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8 things you need to know about your credit report and credit score

Most likely, at some point in your life, you’ll need to borrow money. Whether it’s to buy a home or a car, or maybe to start a business, someday, you’ll need credit. But, before a lender will give you a loan, you’ll need to prove you can pay the money back. The proof comes in the form of your credit report and credit score.

You’ll be evaluated on your creditworthiness during the loan process, and it can be intimidating. But it doesn’t have to be – not if you understand credit reports and credit scores.

Here are eight things to know about credit reports and credit scores:

1.    To get credit, you need to have credit
Nearly everyone needs credit at some point to fund a major purchase like a home or a car. But first, you need to establish a credit history. Otherwise, it may not be easy to get credit when you need it. When you establish a credit history, the major credit-reporting agencies will have a record of you having paid on your accounts on time, making it more likely that you’ll qualify for a larger loan. To establish a credit history, consider opening a store credit card (it’s a good idea to begin with a low credit limit) or buying a smaller item that you need (like a phone) in installments. 


2.    Credit reports and credit scores are not the same
While your credit report and credit score are linked, they are not the same thing. 

Your credit report is created by a credit-reporting bureau and assesses your worthiness to get new credit. Your report is a record of your credit history and lists information like:

  • Your credit accounts

  • How often you’ve applied for credit

  • If any of your accounts have gone to collections

  • Information from public records including judgments against you, liens, and bankruptcies

  • A list of everyone who has asked recently about your credit 

Based on your credit report, the credit bureaus calculate your credit score. The three main credit bureaus have different scoring criteria, but the general range is from 300 and 850. The higher your credit score, the better.


3.   Higher credit scores = better loan interest rates 
You’ll have an easier time getting loans when you have a higher credit score because you’ll be seen as more likely to repay the loan on time. And the interest rate you pay will be lower. Just shaving a tenth-of-a-point off your mortgage interest rate could save you thousands over the loan term.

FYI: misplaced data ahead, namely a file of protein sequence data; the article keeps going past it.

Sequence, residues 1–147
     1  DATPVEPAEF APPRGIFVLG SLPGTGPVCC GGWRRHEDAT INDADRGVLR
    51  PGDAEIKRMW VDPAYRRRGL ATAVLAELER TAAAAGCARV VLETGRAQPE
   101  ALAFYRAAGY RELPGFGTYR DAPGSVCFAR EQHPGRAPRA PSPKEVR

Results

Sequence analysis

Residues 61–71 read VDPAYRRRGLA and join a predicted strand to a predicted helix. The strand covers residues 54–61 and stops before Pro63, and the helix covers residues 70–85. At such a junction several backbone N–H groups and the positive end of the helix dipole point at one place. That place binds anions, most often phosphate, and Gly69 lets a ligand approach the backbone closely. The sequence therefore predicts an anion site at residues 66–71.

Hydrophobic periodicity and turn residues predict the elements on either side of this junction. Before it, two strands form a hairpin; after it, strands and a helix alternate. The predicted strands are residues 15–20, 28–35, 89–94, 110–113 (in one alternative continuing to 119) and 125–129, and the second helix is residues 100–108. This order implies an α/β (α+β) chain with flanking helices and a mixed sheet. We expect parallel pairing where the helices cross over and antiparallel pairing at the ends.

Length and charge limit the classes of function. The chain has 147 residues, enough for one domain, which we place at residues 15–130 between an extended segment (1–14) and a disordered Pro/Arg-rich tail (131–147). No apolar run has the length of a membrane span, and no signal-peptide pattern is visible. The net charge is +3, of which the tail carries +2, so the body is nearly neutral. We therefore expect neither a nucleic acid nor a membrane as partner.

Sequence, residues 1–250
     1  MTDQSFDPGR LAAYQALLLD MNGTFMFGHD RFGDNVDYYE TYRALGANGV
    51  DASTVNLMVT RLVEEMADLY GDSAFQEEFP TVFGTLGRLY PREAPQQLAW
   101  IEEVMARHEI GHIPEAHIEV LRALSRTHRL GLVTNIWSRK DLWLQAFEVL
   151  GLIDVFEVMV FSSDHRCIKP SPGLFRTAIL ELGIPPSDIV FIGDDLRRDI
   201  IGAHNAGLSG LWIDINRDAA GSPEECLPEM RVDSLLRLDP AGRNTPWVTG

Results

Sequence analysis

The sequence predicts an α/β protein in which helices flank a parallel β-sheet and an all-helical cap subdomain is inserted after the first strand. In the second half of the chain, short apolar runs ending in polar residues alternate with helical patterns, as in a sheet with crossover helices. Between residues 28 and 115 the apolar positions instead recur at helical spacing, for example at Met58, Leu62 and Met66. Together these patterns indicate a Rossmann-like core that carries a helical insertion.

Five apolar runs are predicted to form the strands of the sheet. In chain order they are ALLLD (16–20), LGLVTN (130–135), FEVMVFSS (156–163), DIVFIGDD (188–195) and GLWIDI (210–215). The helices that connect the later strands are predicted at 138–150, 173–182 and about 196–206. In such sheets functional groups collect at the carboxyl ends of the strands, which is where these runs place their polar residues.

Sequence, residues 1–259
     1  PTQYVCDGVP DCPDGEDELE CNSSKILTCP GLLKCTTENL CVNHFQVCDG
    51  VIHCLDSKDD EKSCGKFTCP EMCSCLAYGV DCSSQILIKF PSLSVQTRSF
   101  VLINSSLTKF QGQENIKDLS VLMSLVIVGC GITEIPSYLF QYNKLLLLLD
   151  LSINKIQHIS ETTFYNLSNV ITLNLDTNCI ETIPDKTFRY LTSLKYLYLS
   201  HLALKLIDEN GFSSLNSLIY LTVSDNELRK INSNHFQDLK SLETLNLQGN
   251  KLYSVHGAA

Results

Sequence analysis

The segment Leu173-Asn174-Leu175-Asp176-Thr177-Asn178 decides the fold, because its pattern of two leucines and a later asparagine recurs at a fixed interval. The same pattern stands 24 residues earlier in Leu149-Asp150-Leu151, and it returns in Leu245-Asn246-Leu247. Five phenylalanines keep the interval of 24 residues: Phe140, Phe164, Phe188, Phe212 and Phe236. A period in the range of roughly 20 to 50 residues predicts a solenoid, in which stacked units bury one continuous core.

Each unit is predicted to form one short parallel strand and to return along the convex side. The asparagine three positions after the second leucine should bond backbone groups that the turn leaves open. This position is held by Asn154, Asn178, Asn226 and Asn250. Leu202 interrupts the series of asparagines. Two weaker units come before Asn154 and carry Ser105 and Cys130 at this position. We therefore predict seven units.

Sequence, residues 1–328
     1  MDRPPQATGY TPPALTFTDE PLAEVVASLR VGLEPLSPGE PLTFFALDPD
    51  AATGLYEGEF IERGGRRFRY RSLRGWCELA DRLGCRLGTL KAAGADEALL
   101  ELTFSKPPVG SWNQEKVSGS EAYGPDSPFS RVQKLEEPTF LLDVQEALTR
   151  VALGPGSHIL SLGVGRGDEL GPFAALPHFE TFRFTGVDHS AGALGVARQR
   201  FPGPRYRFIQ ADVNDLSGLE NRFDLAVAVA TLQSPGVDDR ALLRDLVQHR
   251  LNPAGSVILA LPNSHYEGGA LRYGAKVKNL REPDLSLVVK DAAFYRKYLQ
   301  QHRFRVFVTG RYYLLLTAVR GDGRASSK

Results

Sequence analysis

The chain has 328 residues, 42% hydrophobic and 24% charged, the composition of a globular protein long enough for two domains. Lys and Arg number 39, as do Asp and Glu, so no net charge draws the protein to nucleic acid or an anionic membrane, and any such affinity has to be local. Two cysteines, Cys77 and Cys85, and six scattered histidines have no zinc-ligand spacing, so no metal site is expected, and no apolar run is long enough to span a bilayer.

4.    But what is your credit score based on?
Credit bureaus consider five different categories in scoring your credit.

  1. Payment history – They will consider if you’ve had late payments on existing credit. Late payments create a big hit on your score as payment history accounts for 35% of your credit score.

  2. Credit use – For this category, the credit bureaus look at how much of your available credit you are currently using. Generally, it is best to show the use of 30% or less of available credit. For example, if you have a credit card with a $10,000 limit, they’d like to see you owing $3,000 or less. The 30% threshold consists of all your available credit, so it is ok if one account is higher than 30% if others are lower. This category makes up about 30% of your credit score.

  3. How long you’ve had credit – Credit bureaus like to see older credit accounts because it shows a history of responsible use of credit. If you have a credit card that you no longer use, you may want to keep the account open to increase the average age of your credit accounts. This accounts for 15% of your credit score.

  4. Types of credit – Having a history of a variety of credit accounts such as credit cards, car loans, and home loans demonstrates that you’re responsible and able to manage multiple types of debt. About 10% of your credit score comes from this category.

  5. Credit inquiries – When you apply for credit, the lender pulls your credit report, and it’s listed as an “inquiry.” Lenders may be reluctant to issue more credit if there have been multiple inquiries, leading to a lower credit score. This category makes up 10% of your score.


5.   It’s a good idea to check your credit yearly
You should check your credit report at least once a year. Doing so won’t hurt your credit score, and it may help you spot fraud, inaccurate, or incomplete information. You can get one free credit report a year from  


6.    Credit reports sometimes have inaccurate info, but you have rights 
Federal law, and sometimes state law, gives you specific rights regarding your credit report’s information and its release to others. Many of these rights allow you to control issues that could impact your life. For example, you have a right to ensure that your credit report is accurate, and you can demand that errors be corrected. You also have the right to take your name off solicitation lists compiled from credit bureau files, reducing the number of sales pitches you receive.


7.    Credit scores are individual
Even if you’re married and have only borrowed money jointly, your credit score is yours alone. So, if you add someone with lesser credit to an account, your credit score won’t drop. But, if the person doesn’t make a payment that they are responsible for on your joint account, it will negatively affect your credit score. 


8.    Harmful information on your credit report drops off eventually
If you’ve had some less-than-stellar credit moves in the past, such as missed or late payments, take heart because they will eventually fall off your credit report. Most negative entries will drop off in two to 10 years after they were first reported. Even if the entries remain for 10 years or longer, if the rest of your credit history remains clean, the negative items will account for less and less as time goes on.

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